Jude “Captain J” Schwarze
I can tell he doesn’t love the question–I’ve asked Jude “Captain J” Schwarze about the biggest lesson he’s learned since starting Deep Sea Fishing Kauaʻi.
“I haven’t learned a thing.” He says, then laughs. But after a beat, he continues,
“When you’re fishing, it’s all about reaction time. You have to be quick. When you’re dealing with people, you have to slow down and appreciate where they’re coming from. You have to be more thoughtful about the whole, about what’s happening next.” So perhaps, fishing has in fact taught Captain J the secrets of life. But, who knows?
Born on Oʻahu, his family moved to Kauaʻi when he was 3 years old. On Kauaʻi, young Jude’s father got into diving and dove commercially for reef fish for a time. As his father got older, diving got harder, and he naturally transitioned to fishing instead. Captain J has been fishing Hawaiian waters since the age of 8 and says that the only thing that has changed about fishing since those days is that now, you know everything that others have caught, referring to social media. “It used to be that you only knew when they got to the market,” he says.
And the fishery of Kauaʻi, he says, hasn’t changed much either. “We still have good fishing all of the time, and phenomenal fishing some of the time.”
Captain J, when he was still only known as Jude, went to college on the mainland. He studied chemistry and biology. Moving back to the islands, Maui this time, his first child was born. The Hawaiʻi Department of Health had a huge backlog after Hurricane Iniki and Jude was hired as a health inspector. He found the work unfulfilling and felt he couldn’t do “the 30-year exchange,” leaving the DOH in 2006.
Jude made his way back to Kauaʻi but was met with few opportunities. Then, a boat came up for auction and he did something rash–he bought it.
“I called up my dad and told him I’d made a huge mistake. I’d gone way into debt. He asked me if I’d gotten the slip yet and I said yes. Then he told me, ‘You bought an expensive slip, you got a boat for free.’”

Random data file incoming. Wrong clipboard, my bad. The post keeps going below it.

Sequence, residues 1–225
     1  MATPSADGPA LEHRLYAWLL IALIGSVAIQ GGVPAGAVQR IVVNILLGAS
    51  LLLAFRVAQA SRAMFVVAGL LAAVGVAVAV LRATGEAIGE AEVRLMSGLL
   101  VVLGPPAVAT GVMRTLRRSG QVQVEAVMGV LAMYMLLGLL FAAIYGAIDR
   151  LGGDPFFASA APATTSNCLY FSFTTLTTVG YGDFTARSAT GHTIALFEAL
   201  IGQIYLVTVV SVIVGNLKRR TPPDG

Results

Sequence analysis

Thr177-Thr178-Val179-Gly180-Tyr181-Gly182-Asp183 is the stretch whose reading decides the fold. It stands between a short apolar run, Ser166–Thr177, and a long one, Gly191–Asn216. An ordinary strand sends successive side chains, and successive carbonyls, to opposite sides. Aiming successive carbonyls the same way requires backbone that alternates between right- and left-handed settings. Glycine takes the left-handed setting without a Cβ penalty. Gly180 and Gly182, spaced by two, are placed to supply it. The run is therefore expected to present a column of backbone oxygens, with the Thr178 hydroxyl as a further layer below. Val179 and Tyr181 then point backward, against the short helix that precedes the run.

The ocean had always been a part of his life. Now, from an outsider’s perspective at least, it’d become most of his life.
That original boat, a 1976 31’ Bertram, is “the legend all other boats [in his growing fleet] have been built upon,” and has long been christened, “The Big Ta Do.” She’s been rebuilt a few times, witness to a few “nuts things,” and a few miracles. She lives in Port Allen, which Captain J considers “a gem.”
The community there has been good to him; after 20 years of sticking around and consistent hard work, he considers everyone a friend. “I don’t want for anything. I have all the help I need when I need it,” he says, the true definition of having found a community.
The role Captain J plays within the South West Kauaʻi community is of a sea shepherd of sorts. Often it’s visitors of Hawaiʻi that charter his boats, often for prolonged stretches of up to ten hours, sometimes multiple days in a row. The best case scenario, Captain J says, is that a person has already decided to have a good day regardless of the outcome. No expectations, willing to accept the day, hopefully “it” happens, but the experience matters most, not the catch.
Of course, that’s not the mindset that always boards his boats. Still, he is able to find common ground. Everybody doesn’t see eye-to-eye on everything, perhaps nor should we, but to find a basis of mutual needs, interests, beliefs, is the beginning of mutual respect and understanding. We can facilitate interpersonal relationships, we can learn each other’s languages. Folks charter Jude’s boats because they have at least an inkling of interest in the thing that he has dedicated this chapter of his life to. As the Deep Sea Fishing Kauaʻi website says: “I enjoy providing opportunities for “friends” to experience…fish.” The roots of finding common ground lies there.
Jude likens people to crayons in a box. “Some are fiery, red hot, some are gold, some mellow, and that’s it,” he says. “How boring would it be if we were all the same? They aren’t bad people, just colorful people.”
Captain J steers on, giving his anglers a day–or days–on the water, under the sun, wishing for a bite, appreciating the journey. He’s made lifelong friends along the way, perhaps learned some secrets of life, and has a hard time imagining that there is something better to do everyday or a better community to be a part of.
“You don’t know what life is going to do, but it would be silly to walk away from this.”